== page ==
Iraqi constitution, Islamic law, human slavery, etc.
SLevinson at law.utexas.edu
Thu Aug 4 12:05:05 PDT 2005
Let me suggest that it matters far, far less what the Iraqi constitution
says about the role of the clergy and far, far more what the electoral
rules turn out to be, who is in fact elected under them, and what judges
are in fact appointed. Is it conceivable, for example, that the
constitution will say that "Iraqi law is to be completely secular, and
no judge will consult religious materials in construing the meaning of
this constitution or any law passed under it" (which, I think, is a fair
paraphrase of the dominant current understanding of the US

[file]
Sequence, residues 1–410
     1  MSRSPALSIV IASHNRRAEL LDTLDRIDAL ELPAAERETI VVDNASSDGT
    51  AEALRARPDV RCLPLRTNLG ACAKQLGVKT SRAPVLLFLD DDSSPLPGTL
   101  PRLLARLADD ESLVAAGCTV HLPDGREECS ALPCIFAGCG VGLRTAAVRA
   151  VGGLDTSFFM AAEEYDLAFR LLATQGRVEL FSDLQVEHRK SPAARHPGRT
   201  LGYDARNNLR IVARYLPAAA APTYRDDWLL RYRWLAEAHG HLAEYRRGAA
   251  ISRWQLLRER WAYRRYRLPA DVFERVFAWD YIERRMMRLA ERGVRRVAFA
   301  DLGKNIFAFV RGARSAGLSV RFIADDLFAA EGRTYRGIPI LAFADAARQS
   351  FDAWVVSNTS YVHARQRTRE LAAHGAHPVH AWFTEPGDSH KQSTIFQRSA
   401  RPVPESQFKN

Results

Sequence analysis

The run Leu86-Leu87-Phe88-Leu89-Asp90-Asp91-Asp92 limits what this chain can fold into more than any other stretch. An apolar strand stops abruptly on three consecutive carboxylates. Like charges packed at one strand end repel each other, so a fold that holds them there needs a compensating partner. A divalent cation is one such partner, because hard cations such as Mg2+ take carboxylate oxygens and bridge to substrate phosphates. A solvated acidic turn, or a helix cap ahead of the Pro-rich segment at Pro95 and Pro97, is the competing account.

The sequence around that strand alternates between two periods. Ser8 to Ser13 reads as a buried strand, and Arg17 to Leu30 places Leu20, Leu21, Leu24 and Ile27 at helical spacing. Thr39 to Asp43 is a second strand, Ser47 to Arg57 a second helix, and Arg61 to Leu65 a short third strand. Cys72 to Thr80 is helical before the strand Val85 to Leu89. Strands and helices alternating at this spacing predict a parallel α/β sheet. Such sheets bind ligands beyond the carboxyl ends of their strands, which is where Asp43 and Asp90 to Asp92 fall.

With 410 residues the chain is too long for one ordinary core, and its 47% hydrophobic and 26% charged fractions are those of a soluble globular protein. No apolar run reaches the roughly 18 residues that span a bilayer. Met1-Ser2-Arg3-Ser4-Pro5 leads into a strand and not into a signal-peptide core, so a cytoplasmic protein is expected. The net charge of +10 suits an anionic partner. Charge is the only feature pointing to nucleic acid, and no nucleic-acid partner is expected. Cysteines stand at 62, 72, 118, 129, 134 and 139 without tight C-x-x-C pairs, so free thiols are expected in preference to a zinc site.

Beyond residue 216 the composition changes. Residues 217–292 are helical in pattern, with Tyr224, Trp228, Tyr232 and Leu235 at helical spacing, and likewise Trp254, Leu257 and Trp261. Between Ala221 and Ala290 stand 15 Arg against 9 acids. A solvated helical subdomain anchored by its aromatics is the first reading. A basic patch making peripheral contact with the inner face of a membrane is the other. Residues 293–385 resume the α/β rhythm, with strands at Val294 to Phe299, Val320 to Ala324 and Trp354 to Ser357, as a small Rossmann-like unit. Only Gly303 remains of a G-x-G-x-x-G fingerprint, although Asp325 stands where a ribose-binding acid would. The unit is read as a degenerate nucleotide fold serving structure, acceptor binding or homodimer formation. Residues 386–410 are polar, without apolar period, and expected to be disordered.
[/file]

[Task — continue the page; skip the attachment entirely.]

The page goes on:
Constitution)? This is, of course, a rhetorical question, since it is
in fact inconceivable. At best, Iraq will be like Israel, which has the
custom of having (at least) on Orthodox Jewish judge on its Supreme
Court who feels altogether free to consult halakhic materials.
I will note, re Lincoln, that until at least 1863 he was continuing to
articulate a fantasy of compensated emancipation and colonization as the
preferred outcome, with slavery not to be completely eradicated from the
US until, I believe, around 1900. What if the South had had the wit to
offer peace terms on that basis? Would we praise Lincoln for "saving
the Union" by paying off the slaveowners and tolerating slavery for
"only" another 35 years?
-------------- next part --------------
An HTML attachment was scrubbed...
More information about the Conlawprof